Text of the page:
On the outer surface of the cylinder is a groove that’s timed to a wave pattern. The actual wave pattern took a lot of time to develop and went through a lot of iterations.

Nikola Ziva road bike pedal with position based dynamic Q-factor

A pin rotates on a sealed bearing and slots into the wave groove. That keeps the pedal body from sliding all the way off the cylinder. As usual, video comes to the assist:

Since everyone’s different, you’ll be able to clock them to suit your own needs, generally having them sit at the widest point near the bottom. They’re working on an accelerometer based set up system to calibrate it perfectly for maximum power output, but for now it’s by feel.

They have Look Keo compatible bodies and are working on SPD versions and flat pedals for commuters. They’re alloy bodies now, but they’re looking at magnesium and other materials.

Stainless are claimed at just under 300g. The Titanium model comes in at an estimated 225g with a 250lb rider weight limit with steel bolt and 180lb with titanium bolt.


  1. Didn’t Shimano exploit this (albeit to a much lesser extent) with the previous SPD-SL cleat design? If memory serves right, there was a bit of lateral play because the toe section was a bit narrower than the pedal slot, but then they widened it upon the 9000 debut to make it a fixed point.

  2. The biomechanical correlation with speed skaters is interesting. Of course, they need this outward movement due to the nature of their propulsion device (i.e. skates), but it shows imagination to see the overlap of the two motions, and try to integrate it into the pedal stroke.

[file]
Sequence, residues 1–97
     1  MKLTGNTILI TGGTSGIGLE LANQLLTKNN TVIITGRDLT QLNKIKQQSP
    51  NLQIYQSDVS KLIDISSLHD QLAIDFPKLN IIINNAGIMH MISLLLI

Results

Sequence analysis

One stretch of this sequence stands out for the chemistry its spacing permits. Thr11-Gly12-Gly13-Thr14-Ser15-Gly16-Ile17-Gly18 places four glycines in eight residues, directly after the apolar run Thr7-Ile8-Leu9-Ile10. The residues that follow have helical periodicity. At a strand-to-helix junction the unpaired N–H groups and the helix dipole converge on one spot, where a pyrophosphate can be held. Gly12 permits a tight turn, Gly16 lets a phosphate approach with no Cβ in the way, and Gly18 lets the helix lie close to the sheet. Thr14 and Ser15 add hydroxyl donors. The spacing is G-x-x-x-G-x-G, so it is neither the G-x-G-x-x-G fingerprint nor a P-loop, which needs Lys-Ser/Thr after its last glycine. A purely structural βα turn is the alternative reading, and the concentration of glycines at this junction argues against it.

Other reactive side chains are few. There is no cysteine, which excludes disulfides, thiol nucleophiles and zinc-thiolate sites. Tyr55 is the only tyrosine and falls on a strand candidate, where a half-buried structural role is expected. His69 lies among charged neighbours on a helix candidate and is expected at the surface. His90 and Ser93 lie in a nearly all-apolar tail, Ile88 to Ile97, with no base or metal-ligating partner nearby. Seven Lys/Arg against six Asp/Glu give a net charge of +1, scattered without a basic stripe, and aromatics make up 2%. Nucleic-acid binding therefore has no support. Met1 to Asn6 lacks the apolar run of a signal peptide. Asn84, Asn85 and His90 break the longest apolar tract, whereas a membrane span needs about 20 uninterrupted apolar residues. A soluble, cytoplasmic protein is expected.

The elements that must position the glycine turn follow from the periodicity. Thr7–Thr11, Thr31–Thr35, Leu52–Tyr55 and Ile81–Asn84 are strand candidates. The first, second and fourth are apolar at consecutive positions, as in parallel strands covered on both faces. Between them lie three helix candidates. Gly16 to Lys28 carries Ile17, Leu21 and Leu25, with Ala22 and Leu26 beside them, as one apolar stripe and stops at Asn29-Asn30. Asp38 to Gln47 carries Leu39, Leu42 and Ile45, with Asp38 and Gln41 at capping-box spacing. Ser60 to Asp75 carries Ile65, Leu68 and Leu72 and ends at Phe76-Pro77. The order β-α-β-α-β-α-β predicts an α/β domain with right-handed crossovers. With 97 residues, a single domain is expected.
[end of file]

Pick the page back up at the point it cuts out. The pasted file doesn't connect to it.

3. They aren’t achieving this with float, they are forcing the cyclical motion.

    I can see a lot of roadie luddites choking on this one. How can they square this with their desire to mimic the Q factors of french bikes from the ’50s?

  4. This cyclical left/right motion is only adjusting your stance width and does not contribute directly to forward motion. If it tried to, the forces on the groove on the spindle would be tremendous.

  5. I designed and manufactured the Pedals for Nick- taking his patent from idea to reality in under 12 months. The idea seems well grounded in science but the hard work was creating the pedal to function correctly, be aesthetically pleasing, stiff and lightweight. We broke the mold on traditional pedal design by employing a large diameter hollow spindle to create an incredibly stiff pedal but lightweight.